When your mute button gets stuck
With the world in lockdown, everyone working remotely and school moving online, there is a silent group within society who have struggled in ways that others perhaps will not realise. Having the ability to effectively communicate verbally has never been more important as life went online during lockdown. Suddenly, the focus turned to verbal or audio communication as the primary channel and for people like me who suffer with a stammer, it has become increasingly more difficult. It seemed to me as though communication moved from being 3 dimensional to 2 dimensional.
Closure of school has meant that the classroom has shrunk to the size of a computer screen. I have been very lucky as my school implemented online lessons as soon as lockdown began. We have been using Microsoft Teams and many of my lessons have been ‘live’, with the teachers appearing online via video and the students connected via audio. We have had some video lessons but most of the time, the students have their cameras off with only the teacher on video. In an online class, it’s very difficult to be the only student with their camera on so the choice has been to either be in the spotlight or cope with audio only. I am in Year 11, so I was gearing up for a summer of exams. When my GCSEs were cancelled, it seemed like my world turned upside down. Everything I had been working towards for the last 5 years was in disarray and the stress levels rose considerably. Like many, as the stress levels rose, so did my difficulties in communicating. As anyone with any kind of speech dysfluency will tell you, there is a direct correlation between stress and stammering and I found myself ‘blocking’, stuttering on words and yet nobody could see that I was struggling. I was hidden behind a computer screen and completely dependent on a verbal fluency that had escaped me. I realised how much lockdown and online schooling was impacting both my ability to understand my teachers and their ability to understand me. I was missing a vital component of communication, the non-verbal form that I was completely reliant upon.
The kind of stammer that I suffer with is not a typical stammer with repetition of whole words, single sounds or syllables or the prolonging of sounds. I suffer with a blocking stammer where it feels like the words just get stuck in the back of my throat, where my mouth is in position, but no sound comes out. I stammer silently. Consequently, when I found myself ‘blocking’ unable to get my words out, the teacher only heard silence from me, as though I’d forgotten to unmute my microphone. No one could not see that I was trying to speak, as they would in a classroom environment, so my stress levels became even higher. If I wanted to ask a question, I would have to time the unmuting of my microphone with my readiness to speak, but the more I thought about it, the more stressed I would become. Having the confidence to speak out is something I have mastered in a classroom environment, the students in my year accepted me for who I am and would be used to seeing me block occasionally at school. The teacher would see that I was trying to speak and have the patience to wait until my mouth and brain connected. Now in this new way of working, I have noticed my stress levels increasing along with my dysfluency, so it becomes a vicious circle.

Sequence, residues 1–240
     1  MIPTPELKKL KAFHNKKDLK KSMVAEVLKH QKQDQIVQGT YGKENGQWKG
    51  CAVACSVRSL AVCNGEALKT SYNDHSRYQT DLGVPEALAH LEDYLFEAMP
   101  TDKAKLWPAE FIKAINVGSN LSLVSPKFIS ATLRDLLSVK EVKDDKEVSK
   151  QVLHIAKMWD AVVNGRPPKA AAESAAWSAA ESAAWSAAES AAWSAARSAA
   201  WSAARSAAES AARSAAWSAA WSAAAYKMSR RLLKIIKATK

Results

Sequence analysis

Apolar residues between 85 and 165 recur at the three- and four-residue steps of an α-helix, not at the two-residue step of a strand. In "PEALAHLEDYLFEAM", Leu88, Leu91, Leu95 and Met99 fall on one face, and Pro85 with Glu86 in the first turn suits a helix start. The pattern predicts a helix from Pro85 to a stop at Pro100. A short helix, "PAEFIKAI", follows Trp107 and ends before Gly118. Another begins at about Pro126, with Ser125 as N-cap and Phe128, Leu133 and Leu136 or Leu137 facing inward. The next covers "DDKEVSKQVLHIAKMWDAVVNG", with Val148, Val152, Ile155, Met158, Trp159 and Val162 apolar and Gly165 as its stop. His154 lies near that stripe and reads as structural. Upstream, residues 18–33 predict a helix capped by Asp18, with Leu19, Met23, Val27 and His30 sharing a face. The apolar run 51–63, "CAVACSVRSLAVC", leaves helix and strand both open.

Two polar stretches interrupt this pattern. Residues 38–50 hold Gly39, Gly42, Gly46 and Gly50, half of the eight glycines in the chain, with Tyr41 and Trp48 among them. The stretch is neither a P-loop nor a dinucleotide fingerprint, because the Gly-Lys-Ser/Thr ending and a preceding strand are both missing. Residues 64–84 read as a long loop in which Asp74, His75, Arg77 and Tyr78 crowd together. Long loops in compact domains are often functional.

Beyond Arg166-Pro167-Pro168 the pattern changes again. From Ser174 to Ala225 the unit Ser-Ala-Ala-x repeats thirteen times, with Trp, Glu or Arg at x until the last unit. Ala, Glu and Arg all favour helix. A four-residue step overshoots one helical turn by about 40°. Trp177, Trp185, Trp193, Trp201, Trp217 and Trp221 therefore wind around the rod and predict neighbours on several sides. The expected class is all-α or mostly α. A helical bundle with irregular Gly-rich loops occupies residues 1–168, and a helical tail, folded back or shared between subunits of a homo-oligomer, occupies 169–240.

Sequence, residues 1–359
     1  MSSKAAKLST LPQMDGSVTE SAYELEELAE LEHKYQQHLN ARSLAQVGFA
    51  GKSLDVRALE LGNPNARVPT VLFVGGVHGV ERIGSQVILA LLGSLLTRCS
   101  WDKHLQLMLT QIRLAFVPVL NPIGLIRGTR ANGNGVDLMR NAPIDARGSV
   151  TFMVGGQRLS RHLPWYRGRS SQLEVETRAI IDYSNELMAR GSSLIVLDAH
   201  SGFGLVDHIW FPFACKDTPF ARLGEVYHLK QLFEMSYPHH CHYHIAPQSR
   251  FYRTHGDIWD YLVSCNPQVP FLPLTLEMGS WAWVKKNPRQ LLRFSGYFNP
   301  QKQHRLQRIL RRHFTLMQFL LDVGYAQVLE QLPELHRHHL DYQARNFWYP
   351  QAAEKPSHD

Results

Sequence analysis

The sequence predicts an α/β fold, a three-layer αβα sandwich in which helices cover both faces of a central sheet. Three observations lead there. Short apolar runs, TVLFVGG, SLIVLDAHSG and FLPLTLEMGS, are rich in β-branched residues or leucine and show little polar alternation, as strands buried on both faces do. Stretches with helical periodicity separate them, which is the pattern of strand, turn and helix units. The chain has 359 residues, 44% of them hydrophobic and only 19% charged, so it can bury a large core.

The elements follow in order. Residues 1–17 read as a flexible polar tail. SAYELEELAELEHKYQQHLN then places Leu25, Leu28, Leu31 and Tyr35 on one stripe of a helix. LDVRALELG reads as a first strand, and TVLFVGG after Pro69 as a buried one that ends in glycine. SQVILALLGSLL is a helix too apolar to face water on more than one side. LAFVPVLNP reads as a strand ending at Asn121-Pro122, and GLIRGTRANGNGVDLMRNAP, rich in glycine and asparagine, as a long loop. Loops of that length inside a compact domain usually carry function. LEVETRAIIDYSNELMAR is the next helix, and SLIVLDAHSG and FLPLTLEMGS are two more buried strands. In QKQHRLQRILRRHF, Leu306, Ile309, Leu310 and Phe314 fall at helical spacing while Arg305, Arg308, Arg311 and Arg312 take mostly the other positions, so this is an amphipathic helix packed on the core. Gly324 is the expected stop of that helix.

In 1971, Professor Albert Mehrabian published a book Silent Messages, in which he discussed his research on non-verbal communication. He concluded that that communication is only 7 percent verbal and 93 percent non-verbal. The non-verbal component was made up of body language (55 percent) and tone of voice (38 percent). Although this research has been challenged by some, and there are those who would argue about the numbers, for me it is clear; lockdown has presented people like me with a challenge to understand and be understood in a 2-dimensional verbal and technologically dependent world.
By Thomas Grattoni-May